self.connection.request("POST", "/", params, self.httpHeader)
        response = self.connection.getresponse()
        #print response.status, response.reason    # Use for troubleshooting
        dictionary = simplejson.loads(response.read())
        self.disconnect()
        return dictionary

sirius
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April 06, 2010, 10:06:57 PM
 #24

Here is code for a simple Python API.  Each method connects to the server, sends a request, gets a response, then returns a Python dictionary equivalent of the JSON.  It uses standard Python modules.  No error checking is done and only three functions from rpc.cpp are implemented.  If there's interest I can write more.

Well, you could just install python-json-rpc (http://json-rpc.org/wiki/python-json-rpc) and do:

Code:
from jsonrpc import ServiceProxy
s = ServiceProxy("http://127.0.0.1:8332")
s.getinfo()

Returns a python dict. It's that easy Wink

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April 06, 2010, 10:58:08 PM
 #25


Well, you could just install python-json-rpc (http://json-rpc.org/wiki/python-json-rpc) and do:

Code:
from jsonrpc import ServiceProxy
s = ServiceProxy("http://127.0.0.1:8332")
s.getinfo()

Returns a python dict. It's that easy Wink

D***, haha...  Well... at least I got sirius-m to share some of his mojo.    Tongue

I'll check it out.

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April 14, 2010, 06:15:08 PM
 #26

Thanks for that! The JSON interface is very easy to use.

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April 29, 2010, 10:04:36 AM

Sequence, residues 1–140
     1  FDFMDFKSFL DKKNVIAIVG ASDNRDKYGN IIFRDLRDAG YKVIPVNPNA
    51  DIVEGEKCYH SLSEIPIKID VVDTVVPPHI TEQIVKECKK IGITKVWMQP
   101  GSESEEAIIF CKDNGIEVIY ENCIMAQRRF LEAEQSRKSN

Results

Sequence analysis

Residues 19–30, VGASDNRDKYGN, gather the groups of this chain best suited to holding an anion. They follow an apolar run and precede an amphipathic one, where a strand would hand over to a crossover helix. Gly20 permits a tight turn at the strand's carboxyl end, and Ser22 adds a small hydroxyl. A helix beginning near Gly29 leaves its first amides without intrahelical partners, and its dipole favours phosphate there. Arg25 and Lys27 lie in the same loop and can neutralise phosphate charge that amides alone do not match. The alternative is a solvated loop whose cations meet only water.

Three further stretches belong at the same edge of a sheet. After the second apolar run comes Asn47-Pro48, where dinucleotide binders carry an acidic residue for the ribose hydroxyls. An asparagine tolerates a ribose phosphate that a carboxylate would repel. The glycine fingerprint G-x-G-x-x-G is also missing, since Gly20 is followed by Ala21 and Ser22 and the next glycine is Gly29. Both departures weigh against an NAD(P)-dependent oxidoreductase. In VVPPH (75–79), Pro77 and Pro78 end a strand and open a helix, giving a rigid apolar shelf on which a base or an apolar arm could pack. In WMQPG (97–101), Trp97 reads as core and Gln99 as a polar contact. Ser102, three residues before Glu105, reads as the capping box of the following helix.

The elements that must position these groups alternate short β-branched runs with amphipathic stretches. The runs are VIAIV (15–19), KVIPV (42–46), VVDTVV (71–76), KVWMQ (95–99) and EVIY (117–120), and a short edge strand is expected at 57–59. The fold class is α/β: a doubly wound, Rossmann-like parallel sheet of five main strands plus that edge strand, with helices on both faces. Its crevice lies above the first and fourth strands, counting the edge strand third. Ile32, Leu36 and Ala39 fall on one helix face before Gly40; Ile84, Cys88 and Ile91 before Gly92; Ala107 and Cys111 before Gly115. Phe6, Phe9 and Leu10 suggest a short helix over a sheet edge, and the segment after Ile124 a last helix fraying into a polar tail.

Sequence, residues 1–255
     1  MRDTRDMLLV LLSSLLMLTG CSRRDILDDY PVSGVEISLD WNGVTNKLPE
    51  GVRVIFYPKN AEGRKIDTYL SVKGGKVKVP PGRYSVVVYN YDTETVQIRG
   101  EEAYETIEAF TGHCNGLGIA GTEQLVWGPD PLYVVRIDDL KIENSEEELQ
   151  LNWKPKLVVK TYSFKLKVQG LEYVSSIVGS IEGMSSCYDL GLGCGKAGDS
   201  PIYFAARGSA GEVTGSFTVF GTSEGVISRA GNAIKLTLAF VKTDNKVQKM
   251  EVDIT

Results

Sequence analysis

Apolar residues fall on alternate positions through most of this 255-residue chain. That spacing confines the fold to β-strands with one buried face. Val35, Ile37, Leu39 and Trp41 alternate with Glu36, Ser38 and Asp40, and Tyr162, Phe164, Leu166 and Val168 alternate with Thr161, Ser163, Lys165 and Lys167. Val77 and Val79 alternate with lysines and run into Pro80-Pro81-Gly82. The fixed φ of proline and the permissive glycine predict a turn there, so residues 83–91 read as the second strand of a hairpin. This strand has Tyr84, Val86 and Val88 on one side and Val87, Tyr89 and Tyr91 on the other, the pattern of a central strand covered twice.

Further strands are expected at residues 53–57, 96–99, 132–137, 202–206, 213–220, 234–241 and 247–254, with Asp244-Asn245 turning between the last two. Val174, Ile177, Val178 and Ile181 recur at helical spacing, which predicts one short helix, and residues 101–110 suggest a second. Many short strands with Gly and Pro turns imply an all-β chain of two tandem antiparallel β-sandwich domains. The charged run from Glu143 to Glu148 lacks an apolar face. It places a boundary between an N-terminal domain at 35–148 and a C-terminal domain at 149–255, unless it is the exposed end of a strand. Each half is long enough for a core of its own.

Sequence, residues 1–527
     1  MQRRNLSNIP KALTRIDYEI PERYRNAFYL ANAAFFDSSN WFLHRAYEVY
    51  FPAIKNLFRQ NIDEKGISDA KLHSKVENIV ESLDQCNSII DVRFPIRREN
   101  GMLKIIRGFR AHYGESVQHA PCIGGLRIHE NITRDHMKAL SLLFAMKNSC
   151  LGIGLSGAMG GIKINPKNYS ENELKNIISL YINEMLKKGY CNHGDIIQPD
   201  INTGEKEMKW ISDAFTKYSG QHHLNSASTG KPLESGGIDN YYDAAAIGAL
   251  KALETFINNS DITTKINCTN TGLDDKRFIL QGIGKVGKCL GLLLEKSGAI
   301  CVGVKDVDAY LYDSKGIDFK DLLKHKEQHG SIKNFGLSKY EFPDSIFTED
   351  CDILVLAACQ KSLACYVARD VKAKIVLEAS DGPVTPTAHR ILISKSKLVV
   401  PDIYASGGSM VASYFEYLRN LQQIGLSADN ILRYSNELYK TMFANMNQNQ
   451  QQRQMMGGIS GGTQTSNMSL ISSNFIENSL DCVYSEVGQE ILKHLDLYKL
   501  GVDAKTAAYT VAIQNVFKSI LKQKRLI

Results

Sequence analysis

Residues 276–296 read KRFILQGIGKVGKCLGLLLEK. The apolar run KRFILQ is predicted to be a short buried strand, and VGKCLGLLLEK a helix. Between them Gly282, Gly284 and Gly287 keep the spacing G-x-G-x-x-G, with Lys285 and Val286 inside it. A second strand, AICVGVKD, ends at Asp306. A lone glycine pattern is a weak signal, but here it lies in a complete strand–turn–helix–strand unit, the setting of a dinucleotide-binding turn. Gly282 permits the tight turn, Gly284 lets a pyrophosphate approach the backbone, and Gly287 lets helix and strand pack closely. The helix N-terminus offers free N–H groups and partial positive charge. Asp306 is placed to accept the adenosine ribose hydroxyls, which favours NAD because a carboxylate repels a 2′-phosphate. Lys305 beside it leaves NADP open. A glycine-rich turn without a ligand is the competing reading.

#27

This sounds very promising. Is there anyway to carve it out as a stand alone binary? My very rudimentary programming skills might not cut the cheese, but I would like to try to make a Firefox bitcoin wallet plugin. If anybody wants to hack at that and leave me in the dust then I gladly eat dust, otherwise I will plod along and see what I can't do (I refuse to do the impossible, but merely resist the inevitable Cheesy). If there were a way to just get the extra files for the JSON and such like (for web only), working with the bitcoin 0.2.0 version and save having to compile, then the target user would not have to install anything other than the plugin itself, that what I'm fishing for really. Is that a tall order?

I would aim to have bitcoin built into Firefox as a standard. Since no third party is being given preference here, can't it be standard browser code, or even built into the HTML or JavaScript, to parse dedicated scripting code and streamline development of online banking and financial utilities? Perhaps even deposits and withdrawals from banks could then finally be done online without their greedy charges. The plugin would demonstrate the idea for now though and save some user hassle as installing is easy, standard and the plugin repository has wide exposure. Then people may want to email and invite their friends to get the new electronic cash standard. The Paypal tactic of being able to email cash to somebody without an account, and have them login to make an account (to get their money), will translate to, having them load Firefox and/or open the plugin window from the email and install. Guaranteed - satisfaction or your money back, (to the sender of course). Go viral bitcoin. Wink


EDIT: "can't it be standard browser code, or even built into the HTML or JavaScript"  -- And now with a little research, I realize that is just what the JSON stuff does. Yikes! you can't fall asleep for 5 minutes without finding yourself out of the loop.